MONTGOMERY, Ala. (AP) — A federal judge on Thursday blocked new Alabama abortion restrictions that sought to ban clinics near schools and outlaw a common second trimester abortion procedure.
U.S. District Judge Myron Thompson issued a preliminary injunction Thursday against the provisions, which would have banned abortion clinics within 2,000 feet of K-8 public schools and barred the second-trimester procedure known as dilation and evacuation.
Thompson said the location restriction would force closure of two of the state’s busiest abortion clinics — facilities in Huntsville and Tuscaloosa— that together perform 70 percent of all abortions in the state. Those clinics are also the only providers of abortions beginning at 15 weeks of pregnancy.
“The availability of abortions in Alabama would be significantly reduced, and abortions beginning at 15 weeks would become almost wholly unavailable,” Thompson wrote in the 102-page opinion.
The location bill targeted the Alabama Women’s Center for Reproductive Alternatives in Huntsville. The clinic moved to a new location in 2013 in order to comply with a new state law requiring clinics to meet the same building code requirements as outpatient surgical centers. The new location is down the street from a K-8 magnet school.
Thompson also issued an injunction against the ban on abortion through dilation and evacuation, in which the contents of the uterus are removed with forceps. Alabama lawmakers who supported the ban called the procedure “barbaric.” The state had argued abortion could still be conducted through procedures, such as an injection of potassium chloride, that first induce fetal demise. Thompson said those procedures are riskier and difficult to obtain.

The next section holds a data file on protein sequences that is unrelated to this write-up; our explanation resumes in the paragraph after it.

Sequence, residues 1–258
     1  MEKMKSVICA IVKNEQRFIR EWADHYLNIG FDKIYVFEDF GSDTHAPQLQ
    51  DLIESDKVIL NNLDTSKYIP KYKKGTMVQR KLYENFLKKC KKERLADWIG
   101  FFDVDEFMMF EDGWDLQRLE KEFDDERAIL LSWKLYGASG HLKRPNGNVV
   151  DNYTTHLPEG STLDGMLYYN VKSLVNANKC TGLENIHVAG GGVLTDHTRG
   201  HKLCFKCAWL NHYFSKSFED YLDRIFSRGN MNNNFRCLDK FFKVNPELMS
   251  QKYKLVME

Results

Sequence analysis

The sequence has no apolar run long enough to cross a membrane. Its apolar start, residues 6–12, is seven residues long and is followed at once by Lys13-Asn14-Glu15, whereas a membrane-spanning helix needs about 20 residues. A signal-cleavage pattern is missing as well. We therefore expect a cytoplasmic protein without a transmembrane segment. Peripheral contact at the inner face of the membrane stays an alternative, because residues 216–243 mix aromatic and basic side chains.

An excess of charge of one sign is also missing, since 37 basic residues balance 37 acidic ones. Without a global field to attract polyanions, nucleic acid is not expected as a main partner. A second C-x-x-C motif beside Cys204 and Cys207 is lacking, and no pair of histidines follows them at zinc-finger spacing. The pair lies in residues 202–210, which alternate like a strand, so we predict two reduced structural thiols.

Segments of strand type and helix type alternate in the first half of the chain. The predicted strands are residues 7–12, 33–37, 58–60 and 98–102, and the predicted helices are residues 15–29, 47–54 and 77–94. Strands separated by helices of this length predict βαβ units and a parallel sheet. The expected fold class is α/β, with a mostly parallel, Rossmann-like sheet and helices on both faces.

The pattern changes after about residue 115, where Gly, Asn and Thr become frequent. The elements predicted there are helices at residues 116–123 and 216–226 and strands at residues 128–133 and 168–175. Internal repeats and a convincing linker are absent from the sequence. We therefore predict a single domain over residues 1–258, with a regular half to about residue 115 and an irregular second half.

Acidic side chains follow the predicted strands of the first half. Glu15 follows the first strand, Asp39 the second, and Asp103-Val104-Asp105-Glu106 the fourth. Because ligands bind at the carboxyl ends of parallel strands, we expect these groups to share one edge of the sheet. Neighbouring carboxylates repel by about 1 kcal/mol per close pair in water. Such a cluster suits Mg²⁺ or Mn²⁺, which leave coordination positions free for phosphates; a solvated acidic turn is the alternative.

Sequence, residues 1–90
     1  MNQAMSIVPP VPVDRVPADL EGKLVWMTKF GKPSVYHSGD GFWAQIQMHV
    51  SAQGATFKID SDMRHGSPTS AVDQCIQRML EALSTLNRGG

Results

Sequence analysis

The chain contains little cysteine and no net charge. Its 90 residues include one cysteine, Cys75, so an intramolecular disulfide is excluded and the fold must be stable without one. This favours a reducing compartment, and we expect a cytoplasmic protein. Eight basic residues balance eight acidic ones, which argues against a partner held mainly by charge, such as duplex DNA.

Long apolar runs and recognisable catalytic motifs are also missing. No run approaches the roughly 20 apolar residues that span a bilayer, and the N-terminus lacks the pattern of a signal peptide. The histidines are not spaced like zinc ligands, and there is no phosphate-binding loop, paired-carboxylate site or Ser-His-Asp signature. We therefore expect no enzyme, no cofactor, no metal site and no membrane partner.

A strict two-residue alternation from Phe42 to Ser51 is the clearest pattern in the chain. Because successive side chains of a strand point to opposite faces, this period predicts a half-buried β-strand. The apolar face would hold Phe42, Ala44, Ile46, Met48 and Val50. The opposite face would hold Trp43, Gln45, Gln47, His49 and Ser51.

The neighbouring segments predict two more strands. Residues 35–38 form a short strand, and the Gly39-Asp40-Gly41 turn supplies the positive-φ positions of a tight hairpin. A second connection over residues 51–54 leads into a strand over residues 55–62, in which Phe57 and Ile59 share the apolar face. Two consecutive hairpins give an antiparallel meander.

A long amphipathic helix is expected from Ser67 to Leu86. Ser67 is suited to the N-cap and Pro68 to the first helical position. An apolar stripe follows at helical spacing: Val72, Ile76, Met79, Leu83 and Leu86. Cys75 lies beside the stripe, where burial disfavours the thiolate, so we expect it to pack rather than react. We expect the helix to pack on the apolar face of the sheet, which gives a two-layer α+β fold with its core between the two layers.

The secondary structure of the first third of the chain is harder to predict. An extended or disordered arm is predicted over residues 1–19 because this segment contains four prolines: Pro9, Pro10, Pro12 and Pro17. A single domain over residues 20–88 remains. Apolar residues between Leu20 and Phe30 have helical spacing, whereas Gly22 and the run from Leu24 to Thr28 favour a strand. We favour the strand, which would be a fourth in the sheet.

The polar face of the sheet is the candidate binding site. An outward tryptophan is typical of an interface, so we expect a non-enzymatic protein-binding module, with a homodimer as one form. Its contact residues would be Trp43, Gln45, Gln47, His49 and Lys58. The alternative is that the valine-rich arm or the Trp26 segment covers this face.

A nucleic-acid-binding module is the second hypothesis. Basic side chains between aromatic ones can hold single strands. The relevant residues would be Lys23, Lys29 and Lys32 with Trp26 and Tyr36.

“As explained, in the absence of an injunction, Alabama women would immediately lose the right to obtain a pre-viability abortion anywhere in the State when they reached 15 weeks of pregnancy, whereas all the State will face is that a likely unconstitutional law passed by legislators will not go into effect,” Thompson wrote.
Similar laws have been blocked in Kansas and Oklahoma.
The laws were to take effect Aug. 1, but enforcement was delayed until after an Oct. 4 hearing before Thompson after clinic owners and an abortion doctor challenged the laws.
“It’s long past time for our elected officials to stop wasting time and taxpayer money passing laws that violate women’s constitutional rights and start focusing on the needs of women and families in this state,” said Susan Watson, executive director of the American Civil Liberties Union of Alabama, which filed the challenge.
The attorney general’s office and governor’s press office could not be immediately reached for comment Thursday night.
Source: Daily Mail